Physical Endurance and School specialisation:  I seem to remember that Ged broke out in a sweat when he repaired the Ring of Erreth-Akbe, lapsed into a coma after his early illusion-spell on Gont, and that the Archmage died of exhaustion (?) while closing the portal after his summoning contest with Jasper.  So there's probably some room for this kind of resource expenditure as a course of last resort?  There is also *some* indication that wizards can have defined 'talents' for particular forms of magic, such as Alder (in the Other Wind) having a knack for Mending, or Ged taking to illusion particularly easily, and presumably the masters of Roke didn't get their roles assigned at random.
  
  Ged gives a brand-new true-name to one of the Dyers of Lorbanery after she starts shouting her old one to all and sundry.  So apparently 'making it up' is possible under some circumstances.
  
  I would lean toward the view that the series as a whole gives a fairly prominent role to non-wizards, or at least to those whose power is either minor or latent or expressed in different terms- Lebannen's arc is very Arthurian, after all, and Tehanu being half-dragon (?) might be another variant worth examining.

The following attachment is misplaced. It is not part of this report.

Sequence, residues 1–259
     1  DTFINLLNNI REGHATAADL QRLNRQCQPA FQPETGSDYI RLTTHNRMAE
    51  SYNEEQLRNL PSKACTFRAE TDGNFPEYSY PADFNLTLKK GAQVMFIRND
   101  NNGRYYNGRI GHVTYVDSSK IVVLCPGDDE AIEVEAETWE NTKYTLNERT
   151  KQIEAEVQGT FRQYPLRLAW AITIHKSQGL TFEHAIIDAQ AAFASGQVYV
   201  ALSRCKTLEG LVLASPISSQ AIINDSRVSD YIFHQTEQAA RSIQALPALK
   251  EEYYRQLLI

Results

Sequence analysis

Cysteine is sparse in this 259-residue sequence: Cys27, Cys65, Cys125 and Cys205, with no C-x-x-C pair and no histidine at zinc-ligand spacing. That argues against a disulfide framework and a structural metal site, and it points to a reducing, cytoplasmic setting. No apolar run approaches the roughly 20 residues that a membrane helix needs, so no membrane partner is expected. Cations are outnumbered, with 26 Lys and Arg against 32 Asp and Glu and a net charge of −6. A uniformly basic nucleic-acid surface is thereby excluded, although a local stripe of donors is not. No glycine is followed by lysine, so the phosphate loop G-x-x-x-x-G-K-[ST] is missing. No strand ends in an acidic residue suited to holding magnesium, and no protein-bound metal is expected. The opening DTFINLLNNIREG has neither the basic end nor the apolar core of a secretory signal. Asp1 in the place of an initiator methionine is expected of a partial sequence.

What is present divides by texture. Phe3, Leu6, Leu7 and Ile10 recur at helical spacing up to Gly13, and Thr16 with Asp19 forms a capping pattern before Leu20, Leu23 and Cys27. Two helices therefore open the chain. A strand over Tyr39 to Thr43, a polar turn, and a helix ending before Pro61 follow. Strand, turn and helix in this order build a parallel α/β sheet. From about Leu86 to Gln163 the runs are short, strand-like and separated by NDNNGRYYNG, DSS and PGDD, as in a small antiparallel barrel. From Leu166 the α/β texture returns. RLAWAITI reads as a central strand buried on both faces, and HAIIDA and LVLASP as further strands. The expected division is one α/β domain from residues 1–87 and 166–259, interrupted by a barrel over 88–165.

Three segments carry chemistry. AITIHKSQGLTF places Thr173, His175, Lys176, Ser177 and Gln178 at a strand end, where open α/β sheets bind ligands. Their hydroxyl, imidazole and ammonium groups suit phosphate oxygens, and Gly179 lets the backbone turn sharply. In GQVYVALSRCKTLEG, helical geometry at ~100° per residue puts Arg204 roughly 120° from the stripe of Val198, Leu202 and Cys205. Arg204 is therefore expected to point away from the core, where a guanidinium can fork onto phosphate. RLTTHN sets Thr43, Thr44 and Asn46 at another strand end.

Would the topic of gender be worth examining here, given that it's quite significant in the setting and partly motivated Le Guin to re-examine some of the setting's metaphysics in later books?
Ron Edwards's picture

Hi! Great feedback & commentary.

For memory/et cetera, emotional connection type effects - yes, that's the kind of mechanic that I think might help if these features were to be put at that level of design (could go into the diagram, I mean). Our points about that level of design being "half the battle," necessary but not sufficient, would still apply. I'd love to see someone work with the HeroQuest SRD this way.

Your points about fatigue are exactly what led me in that direction in my attempts sometime around 1981.